- About Us
- Domestic Policy
- Foreign Policy
- Foreign Language
Building Supra-National Communities
Although the concept of legitimacy is widely invoked in social science literature, political disclosure, and common parlance, key empirical and normative questions about legitimacy are often left far from answered, especially "Legitimated by whom?" and "Legitimated by what criteria?"
Sometimes a complex issue can be captured in a few very simple words: “Prosecuting suspected pirates detained in international waters has proved difficult.” And according to Douglas Burnett, an expert in maritime law, pirates are treated with a “catch and release philosophy that’s usually reserved for trout.”
Lord Hannay's inspiring and heartfelt presentation provides a stellar example of a design approach to international relations. It is noble, essential, and woefully inadequate. Most of the presentation is dedicated to outlining that which we want or need, or at least to those purposes favored by those who share Lord Hannay's values, this author included.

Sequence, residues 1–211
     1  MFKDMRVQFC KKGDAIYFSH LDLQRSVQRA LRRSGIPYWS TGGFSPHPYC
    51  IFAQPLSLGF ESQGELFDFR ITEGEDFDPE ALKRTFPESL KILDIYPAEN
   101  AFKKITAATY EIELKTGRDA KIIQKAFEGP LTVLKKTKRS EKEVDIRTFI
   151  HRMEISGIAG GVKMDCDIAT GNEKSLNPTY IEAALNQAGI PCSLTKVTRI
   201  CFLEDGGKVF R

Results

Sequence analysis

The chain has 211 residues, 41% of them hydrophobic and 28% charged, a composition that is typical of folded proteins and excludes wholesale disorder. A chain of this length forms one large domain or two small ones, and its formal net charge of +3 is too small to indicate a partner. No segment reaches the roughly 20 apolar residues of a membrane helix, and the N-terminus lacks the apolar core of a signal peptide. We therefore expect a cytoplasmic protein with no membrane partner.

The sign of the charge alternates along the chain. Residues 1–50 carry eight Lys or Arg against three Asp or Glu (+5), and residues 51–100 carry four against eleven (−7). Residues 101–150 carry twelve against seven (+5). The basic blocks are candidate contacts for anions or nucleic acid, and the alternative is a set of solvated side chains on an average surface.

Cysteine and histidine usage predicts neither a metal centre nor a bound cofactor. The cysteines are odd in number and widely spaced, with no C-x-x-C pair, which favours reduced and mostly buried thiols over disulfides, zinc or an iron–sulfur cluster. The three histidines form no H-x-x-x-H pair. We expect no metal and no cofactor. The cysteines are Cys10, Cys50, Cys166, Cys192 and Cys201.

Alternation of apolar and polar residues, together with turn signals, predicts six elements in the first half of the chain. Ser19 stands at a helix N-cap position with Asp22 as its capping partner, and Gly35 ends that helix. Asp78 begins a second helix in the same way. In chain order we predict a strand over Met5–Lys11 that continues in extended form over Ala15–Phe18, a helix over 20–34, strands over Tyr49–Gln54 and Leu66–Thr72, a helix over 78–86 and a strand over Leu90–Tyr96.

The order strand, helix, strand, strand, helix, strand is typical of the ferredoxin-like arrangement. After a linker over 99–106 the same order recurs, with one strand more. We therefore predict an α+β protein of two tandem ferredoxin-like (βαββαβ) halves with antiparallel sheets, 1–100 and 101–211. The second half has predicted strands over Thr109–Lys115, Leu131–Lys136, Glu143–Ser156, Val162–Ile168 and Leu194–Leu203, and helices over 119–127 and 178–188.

The main challenge currently facing the EU is a community deficit: the low valuation the majority of its citizens accord the evolving collectivity. The EU is challenged by the mismatch between its increasing supranational decision-making and the strong loyalties of its citizens to their respective nations states.
References to world government have long been treated as utopian notions held by a few visionaries. This much-dismissed vision is re-examined here in light of the fact that self-determination based on national governments, to the extent that it existed a generation ago, is increasingly curtailed by transnational developments.
Many American observers see the new application of Britain for membership in the European Economic Community (EEC) as a morality play.
“Atlantic Union, the Southern Continents, and the United Nations,” in Roger Fisher (ed.), International Conflict and Behavioral Science (New York: Basic Books, 1964), pp. 179-207.
The success of the European Economic Community often has been hailed as the most important development of international relations in the West in the last century.
“European Unification and Perspectives on Sovereignty,” Daedalus, Vol. 92, No. 3 (Summer 1963), pp. 498-520. Reprinted in The Atlantic Community Quarterly, Vol. 11 (1964), pp. 120-122.
A model for functional analysis of social change is provided to supplement the Parsons-Bales-Smelser differentiation model.